Why did they treat me this way? Because they came to me, I didn't go to them. I got it. I understood it. And it has forever changed the way I live my life. People come to me now. I don't go to them. Ever. What happened next? I put my new mail order knowledge to work, and got Robert Redford's Sundance Catalog to put my art in their mail order catalog. I sold 5,000 pieces, with my cut of the action being $40 per piece, plus I got a lot of new customers to sell more stuff to. Do the math-- you can see how I quickly went from dead butt broke to flush in a matter of a few months. I was hooked.
Now, onto the good stuff. I started getting into information marketing, selling "how to" stuff to other business people, speaking at seminars, teaching other people how to make money. Lots and lots of money. And I'm very good at it. Occasionally I even consult for businesses. But my rates are astronomical, and you probably couldn't afford me.
But this "auto biography" isn't about making money. It's about how to get women to approach you. See, the one thing I noticed early on in my direct marketing career was, that women started approaching me as well. They saw an article about me in the paper (which is really easy to get, anyone reading this can do it), read something I'd written, saw me speak at a seminar, or "heard good things" about me from a friend. And when they approached me, it was always easier. They were already attracted to me. I didn't have to impress them. They had to impress ME. I met-- and continue to meet-- lots of really great women.
I took note
of all this. Careful note. And I started engineering
situations where they'd approach me. When the internet came into
full bloom I put my "mail order" and "information
marketing" knowledge to work and started writing online
profiles. And you know what I found? What works to get
people to send me money, works to get women to answer my online
profile. I had lots of friends who tried the "online
thing" but they could never get a response. Me, I had more
than I knew what to do with, and I never wrote any of them first-- they
all wrote me! I don't say this to brag, I say it because it's
true. You've read my "women approach you" website, and
seen the responses to my online ads.
But that's what makes it fun. I'll never BS you or tell you what you want to hear. I'll always give it to you straight. Some guys can't handle that. Fine with me, I just fire them as a customer. I want to do business with guys I like, and quite frankly I like most of you guys. Bright, fun guys who are doers, not talkers, who want to meet great women and have an extraordinary life. Those are the kind of people I want to spend my limited time with, and that's the biggest reason I started this thing. I want to be around, and spend time with, good guys, doers, who are ready to learn. Making money is great, no doubt about it. I enjoy doing it. But much better than that is having a group of people around you who you like, trust and appreciate. That's really my purpose for starting this little business. To get 'round me those who are like me, those think like me, those who want to live life the way I do. I hope you're one of those guys. There's damn few of us left, and those who are aren't getting any younger.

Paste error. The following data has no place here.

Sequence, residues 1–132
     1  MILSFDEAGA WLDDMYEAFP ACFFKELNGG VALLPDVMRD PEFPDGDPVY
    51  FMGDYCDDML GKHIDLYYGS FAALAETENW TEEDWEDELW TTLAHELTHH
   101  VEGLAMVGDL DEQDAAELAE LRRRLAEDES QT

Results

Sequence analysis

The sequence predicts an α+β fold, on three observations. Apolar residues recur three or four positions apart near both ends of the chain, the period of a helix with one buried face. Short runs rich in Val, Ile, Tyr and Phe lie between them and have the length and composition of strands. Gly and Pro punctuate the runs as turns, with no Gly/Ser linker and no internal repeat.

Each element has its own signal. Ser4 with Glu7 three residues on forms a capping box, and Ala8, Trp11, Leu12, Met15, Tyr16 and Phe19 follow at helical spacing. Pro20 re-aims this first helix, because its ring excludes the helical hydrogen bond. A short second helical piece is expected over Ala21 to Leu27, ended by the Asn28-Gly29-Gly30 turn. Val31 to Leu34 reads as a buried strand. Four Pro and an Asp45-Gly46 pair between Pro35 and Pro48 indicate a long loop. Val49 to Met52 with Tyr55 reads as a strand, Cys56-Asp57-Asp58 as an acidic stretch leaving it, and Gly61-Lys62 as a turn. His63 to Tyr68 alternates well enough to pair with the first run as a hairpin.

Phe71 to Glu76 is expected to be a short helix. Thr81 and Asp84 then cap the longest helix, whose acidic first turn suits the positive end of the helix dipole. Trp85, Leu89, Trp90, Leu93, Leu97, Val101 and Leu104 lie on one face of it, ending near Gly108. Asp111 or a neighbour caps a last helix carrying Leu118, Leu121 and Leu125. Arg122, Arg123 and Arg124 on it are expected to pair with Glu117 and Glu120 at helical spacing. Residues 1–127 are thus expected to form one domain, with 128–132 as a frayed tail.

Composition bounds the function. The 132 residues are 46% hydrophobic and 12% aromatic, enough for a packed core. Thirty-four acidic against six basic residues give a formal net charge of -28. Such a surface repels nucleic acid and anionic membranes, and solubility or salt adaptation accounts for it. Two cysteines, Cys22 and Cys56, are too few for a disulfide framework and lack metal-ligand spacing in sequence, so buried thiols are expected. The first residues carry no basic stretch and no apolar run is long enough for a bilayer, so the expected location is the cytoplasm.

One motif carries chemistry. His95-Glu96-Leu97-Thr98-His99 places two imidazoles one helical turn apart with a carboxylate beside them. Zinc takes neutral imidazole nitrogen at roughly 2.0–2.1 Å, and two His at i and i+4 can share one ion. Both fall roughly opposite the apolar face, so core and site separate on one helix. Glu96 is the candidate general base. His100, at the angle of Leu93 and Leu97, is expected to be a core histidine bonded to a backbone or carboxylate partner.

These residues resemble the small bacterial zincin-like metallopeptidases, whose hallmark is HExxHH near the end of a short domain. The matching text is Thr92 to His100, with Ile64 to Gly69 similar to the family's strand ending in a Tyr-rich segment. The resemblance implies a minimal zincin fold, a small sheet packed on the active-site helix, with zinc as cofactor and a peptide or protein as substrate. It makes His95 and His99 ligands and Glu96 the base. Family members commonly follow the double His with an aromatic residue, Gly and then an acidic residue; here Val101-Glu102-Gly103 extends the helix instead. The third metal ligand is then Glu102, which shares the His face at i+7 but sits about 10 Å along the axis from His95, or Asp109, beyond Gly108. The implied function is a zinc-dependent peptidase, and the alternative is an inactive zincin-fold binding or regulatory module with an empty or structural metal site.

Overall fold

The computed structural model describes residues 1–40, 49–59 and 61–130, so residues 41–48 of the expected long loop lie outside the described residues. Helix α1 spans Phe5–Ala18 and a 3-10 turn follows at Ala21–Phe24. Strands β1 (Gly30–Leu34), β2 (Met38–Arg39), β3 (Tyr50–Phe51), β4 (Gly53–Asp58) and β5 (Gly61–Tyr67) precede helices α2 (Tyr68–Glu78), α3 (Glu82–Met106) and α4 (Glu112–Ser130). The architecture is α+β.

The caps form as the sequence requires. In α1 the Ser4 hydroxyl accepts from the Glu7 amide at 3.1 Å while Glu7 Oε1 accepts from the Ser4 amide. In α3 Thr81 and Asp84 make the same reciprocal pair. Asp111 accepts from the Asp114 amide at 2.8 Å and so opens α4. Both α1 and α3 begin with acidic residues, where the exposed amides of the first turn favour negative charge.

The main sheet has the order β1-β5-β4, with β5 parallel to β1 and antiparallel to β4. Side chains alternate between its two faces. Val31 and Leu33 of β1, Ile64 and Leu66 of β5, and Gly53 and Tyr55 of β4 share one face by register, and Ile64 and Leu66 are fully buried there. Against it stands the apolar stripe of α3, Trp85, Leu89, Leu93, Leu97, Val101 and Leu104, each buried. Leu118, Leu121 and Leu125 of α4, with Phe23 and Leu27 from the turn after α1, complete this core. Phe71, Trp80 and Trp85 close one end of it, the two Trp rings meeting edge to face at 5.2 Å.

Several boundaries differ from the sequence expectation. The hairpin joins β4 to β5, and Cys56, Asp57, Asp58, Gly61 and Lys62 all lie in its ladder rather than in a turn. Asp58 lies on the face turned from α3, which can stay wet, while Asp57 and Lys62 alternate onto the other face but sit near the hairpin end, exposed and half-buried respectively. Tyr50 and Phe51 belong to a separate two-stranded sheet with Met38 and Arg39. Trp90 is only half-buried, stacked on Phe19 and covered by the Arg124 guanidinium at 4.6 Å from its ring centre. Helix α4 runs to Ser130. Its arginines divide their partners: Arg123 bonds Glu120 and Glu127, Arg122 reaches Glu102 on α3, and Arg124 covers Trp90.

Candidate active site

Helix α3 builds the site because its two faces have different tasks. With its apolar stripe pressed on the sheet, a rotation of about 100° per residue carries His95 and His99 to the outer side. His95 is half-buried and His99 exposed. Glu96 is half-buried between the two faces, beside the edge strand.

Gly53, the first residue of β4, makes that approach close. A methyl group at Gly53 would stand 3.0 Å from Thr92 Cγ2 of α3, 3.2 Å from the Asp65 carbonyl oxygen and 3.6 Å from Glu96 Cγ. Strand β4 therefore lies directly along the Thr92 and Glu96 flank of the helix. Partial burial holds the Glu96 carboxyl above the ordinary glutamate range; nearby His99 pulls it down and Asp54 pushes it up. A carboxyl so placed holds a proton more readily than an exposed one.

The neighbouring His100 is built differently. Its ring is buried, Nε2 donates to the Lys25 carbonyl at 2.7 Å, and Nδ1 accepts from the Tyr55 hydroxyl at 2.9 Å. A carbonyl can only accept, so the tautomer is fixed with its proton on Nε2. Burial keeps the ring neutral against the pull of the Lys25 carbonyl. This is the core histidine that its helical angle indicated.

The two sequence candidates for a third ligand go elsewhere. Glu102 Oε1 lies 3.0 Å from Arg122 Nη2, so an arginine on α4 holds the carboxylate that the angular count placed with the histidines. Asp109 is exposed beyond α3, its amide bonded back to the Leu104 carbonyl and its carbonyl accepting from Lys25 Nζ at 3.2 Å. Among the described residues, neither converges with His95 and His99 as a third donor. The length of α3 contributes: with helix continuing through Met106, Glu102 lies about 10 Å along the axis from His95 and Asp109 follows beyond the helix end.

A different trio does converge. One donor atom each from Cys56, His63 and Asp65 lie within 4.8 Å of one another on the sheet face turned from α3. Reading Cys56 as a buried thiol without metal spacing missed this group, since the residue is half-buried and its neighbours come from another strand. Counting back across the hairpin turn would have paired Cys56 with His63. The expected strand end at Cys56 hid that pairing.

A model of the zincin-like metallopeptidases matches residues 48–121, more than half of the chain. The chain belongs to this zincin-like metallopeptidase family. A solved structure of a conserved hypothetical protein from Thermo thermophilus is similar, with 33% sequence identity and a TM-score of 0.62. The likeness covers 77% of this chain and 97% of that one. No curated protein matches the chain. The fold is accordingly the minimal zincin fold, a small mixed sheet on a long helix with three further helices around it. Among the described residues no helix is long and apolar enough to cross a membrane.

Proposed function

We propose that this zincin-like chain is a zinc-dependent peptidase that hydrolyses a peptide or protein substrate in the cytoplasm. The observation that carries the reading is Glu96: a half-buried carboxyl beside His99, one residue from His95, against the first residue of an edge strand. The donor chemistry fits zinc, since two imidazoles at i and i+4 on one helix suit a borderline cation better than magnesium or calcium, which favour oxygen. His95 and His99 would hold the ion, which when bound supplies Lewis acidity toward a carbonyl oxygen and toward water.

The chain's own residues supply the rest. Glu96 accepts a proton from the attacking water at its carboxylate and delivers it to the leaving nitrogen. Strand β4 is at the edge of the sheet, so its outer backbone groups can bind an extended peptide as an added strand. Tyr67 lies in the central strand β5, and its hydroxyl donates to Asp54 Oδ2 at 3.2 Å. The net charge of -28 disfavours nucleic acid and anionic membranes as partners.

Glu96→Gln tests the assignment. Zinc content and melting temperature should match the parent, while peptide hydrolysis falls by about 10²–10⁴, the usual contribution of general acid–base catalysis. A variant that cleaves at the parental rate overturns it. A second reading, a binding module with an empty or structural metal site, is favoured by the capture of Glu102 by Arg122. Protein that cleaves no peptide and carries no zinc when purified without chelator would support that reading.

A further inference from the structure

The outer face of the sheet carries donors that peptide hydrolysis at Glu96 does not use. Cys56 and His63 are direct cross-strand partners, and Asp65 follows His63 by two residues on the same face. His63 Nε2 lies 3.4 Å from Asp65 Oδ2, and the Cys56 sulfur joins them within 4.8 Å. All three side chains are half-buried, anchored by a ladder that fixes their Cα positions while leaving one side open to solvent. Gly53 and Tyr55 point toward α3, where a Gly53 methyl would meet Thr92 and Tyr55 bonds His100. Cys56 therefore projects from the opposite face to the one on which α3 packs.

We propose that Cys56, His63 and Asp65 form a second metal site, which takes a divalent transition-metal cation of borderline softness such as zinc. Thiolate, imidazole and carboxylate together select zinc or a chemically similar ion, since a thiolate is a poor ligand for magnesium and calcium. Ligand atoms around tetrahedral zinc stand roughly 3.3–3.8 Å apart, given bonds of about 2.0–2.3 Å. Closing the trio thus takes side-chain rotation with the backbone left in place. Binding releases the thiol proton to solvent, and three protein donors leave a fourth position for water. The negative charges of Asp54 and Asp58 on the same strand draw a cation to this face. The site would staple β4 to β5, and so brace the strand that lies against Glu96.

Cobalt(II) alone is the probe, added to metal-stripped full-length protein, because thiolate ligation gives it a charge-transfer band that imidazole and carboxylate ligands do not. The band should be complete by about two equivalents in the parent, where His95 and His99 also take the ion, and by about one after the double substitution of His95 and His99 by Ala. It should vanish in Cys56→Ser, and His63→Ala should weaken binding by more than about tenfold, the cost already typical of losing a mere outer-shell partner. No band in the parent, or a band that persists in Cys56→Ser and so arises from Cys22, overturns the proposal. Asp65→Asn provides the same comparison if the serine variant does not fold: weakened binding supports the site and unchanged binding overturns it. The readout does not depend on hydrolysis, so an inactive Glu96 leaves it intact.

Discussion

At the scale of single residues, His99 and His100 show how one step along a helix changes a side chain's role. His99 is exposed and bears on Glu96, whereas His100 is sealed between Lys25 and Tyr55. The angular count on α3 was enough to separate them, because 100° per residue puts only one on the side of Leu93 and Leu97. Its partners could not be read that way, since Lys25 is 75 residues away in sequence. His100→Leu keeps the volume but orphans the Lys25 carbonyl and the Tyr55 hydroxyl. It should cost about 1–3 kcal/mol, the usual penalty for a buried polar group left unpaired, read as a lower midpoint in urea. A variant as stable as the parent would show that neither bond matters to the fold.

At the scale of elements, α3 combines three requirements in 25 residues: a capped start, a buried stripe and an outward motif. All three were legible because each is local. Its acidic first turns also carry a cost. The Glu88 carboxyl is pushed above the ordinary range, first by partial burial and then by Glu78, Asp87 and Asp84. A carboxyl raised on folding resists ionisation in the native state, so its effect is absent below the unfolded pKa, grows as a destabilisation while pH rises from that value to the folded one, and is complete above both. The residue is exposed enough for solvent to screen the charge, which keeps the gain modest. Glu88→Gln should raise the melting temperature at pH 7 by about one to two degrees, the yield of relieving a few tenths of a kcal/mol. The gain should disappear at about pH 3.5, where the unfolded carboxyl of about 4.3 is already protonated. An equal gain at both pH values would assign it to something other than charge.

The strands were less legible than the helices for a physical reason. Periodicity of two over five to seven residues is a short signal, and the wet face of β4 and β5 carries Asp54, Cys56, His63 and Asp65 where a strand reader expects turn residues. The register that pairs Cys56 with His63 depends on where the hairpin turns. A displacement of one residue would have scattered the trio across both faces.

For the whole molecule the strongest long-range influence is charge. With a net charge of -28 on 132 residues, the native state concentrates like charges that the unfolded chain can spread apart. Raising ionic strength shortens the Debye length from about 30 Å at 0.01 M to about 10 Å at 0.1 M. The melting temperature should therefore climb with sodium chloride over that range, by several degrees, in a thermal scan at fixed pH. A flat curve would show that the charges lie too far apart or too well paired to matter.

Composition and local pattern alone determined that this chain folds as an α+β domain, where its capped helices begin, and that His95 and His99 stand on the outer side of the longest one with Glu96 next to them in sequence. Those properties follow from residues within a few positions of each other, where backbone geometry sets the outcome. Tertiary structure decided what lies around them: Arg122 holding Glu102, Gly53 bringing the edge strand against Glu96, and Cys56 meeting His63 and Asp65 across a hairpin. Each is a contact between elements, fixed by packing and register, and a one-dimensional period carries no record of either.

Thanks for reading this. Thanks for being a customer. Thanks for being a good guy. Or a great woman. Thanks for making my life just a little bit brighter. In the end, it's not the money, not the fame, not even the women that you remember, it's the group of guys who were part of your life when you had your greatest successes and your worst failures. It creates a bond unlike any other. And I want to create something really special for all of us, not just how to meet great women, or make lots of money, but to have a truly memorable life with a truly memorable group of guys, and a truly great group of women.
PS Any feedback, questions, comments, etc. send them to John@JohnAlanis.com I get a lot of emails, obviously, so I can't personally reply to every one of them, but my staff forwards the best ones to me, and if I like what I read, I'll answer it in an upcoming daily email. I encourage you to get involved-- we'll all have more fun in the end.